King's Lynn Paint Spraying

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Information for Kings Lynn:

Kings Lynn Location: Norfolk, East of England, Eastern England, UK.

Postcode for Kings Lynn: PE30

Kings Lynn Dialling Code: 01553

Population of Kings Lynn: 42,800 (Census of 2011)

Kings Lynn Ordnance Survey Map Reference: TF62390

Formerly named Lynn or Lin (and later as Bishop's Lynn), the vibrant market town of King's Lynn in Norfolk was in past times among the most significant sea ports in Britain. It now has a population of approximately 43,000 and lures in a fairly large number of visitors, who go to learn about the background of this attractive place and to enjoy its numerous fine points of interest and live entertainment events. The name "Lynn" is taken from the Celtic term for "pool or lake" and no doubt indicates the reality that this place was previously covered by a big tidal lake.

King's Lynn is placed at the foot of the Wash in North-West Norfolk, the noticable bite from the east coast of England where in the early 13th C, King John supposedly lost all his gold and jewels. He had been treated to a feast by the landowners of Lynn (which it was named at this time), then a prospering port, but was caught by an especially fast rising high tide as he headed to the west over treacherous mud flats toward Newark and the jewels were lost forever. Not long after that, John passed away of a surfeit of peaches (or lampreys) subject to which narrative you read. Now the town is a natural hub, the main funnel for commerce betwixt East Anglia and the Midlands, the train terminus of the Ely, Cambridge, London main line, and also the bridging point that joins 'high' Norfolk heading toward Norwich to the east, with 'low' Norfolk, the flat fens and marsh lands south of the Wash.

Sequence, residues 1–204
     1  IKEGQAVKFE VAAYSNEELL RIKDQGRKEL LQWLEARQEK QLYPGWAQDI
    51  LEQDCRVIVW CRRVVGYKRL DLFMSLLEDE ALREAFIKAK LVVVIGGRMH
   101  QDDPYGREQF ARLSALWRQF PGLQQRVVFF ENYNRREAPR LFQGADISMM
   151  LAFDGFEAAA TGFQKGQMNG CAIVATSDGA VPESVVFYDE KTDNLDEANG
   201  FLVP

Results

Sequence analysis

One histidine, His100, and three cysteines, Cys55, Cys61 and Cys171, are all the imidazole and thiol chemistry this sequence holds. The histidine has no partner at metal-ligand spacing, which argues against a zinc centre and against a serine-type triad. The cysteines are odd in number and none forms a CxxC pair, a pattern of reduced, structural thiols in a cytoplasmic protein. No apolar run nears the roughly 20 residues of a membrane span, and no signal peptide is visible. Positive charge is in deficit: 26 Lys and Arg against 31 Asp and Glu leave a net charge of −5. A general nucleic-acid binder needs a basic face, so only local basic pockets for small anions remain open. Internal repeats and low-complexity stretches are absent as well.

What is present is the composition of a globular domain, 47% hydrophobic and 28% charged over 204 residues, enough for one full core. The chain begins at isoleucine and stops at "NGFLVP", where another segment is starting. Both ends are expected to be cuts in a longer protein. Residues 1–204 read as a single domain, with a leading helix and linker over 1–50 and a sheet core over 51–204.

Kings-lynn-river-great-ouseThe royal connections of King's Lynn are greater today compared to King John's rule. Several miles toward the north-east you will find Sandringham, one of the Queen's exclusive estates and a major tourist attraction. The town itself is positioned predominantly on the easterly bank of the estuary of the muddy, wide River Great Ouse. A number of the streets next to the river, particularly the ones around the the historic St Margaret's Church, remain very much as they were 2 centuries ago.

Should you be looking for a focal point in the town then it would more than likely be the historic Tuesday Market Place into which King Street leads, particularly in modern times since old Corn Exchange has been remodeled into a significant centre of entertainment. Most of the houses and buildings here are Victorian or earlier. These include the outstanding Duke's Head Hotel, erected in 1683, and a grade II listed structure ever since 1951, the Corn Exchange (1854) and the Globe Hotel (first constructed in 1650).